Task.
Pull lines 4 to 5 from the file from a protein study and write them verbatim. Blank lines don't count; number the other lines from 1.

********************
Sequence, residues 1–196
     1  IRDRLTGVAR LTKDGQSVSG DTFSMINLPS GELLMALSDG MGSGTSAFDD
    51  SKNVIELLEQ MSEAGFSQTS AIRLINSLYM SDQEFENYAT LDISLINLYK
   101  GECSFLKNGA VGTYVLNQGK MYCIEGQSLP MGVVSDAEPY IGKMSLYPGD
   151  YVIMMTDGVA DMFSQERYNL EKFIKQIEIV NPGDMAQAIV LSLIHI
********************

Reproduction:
   101  GECSFLKNGA VGTYVLNQGK MYCIEGQSLP MGVVSDAEPY IGKMSLYPGD
   151  YVIMMTDGVA DMFSQERYNL EKFIKQIEIV NPGDMAQAIV LSLIHI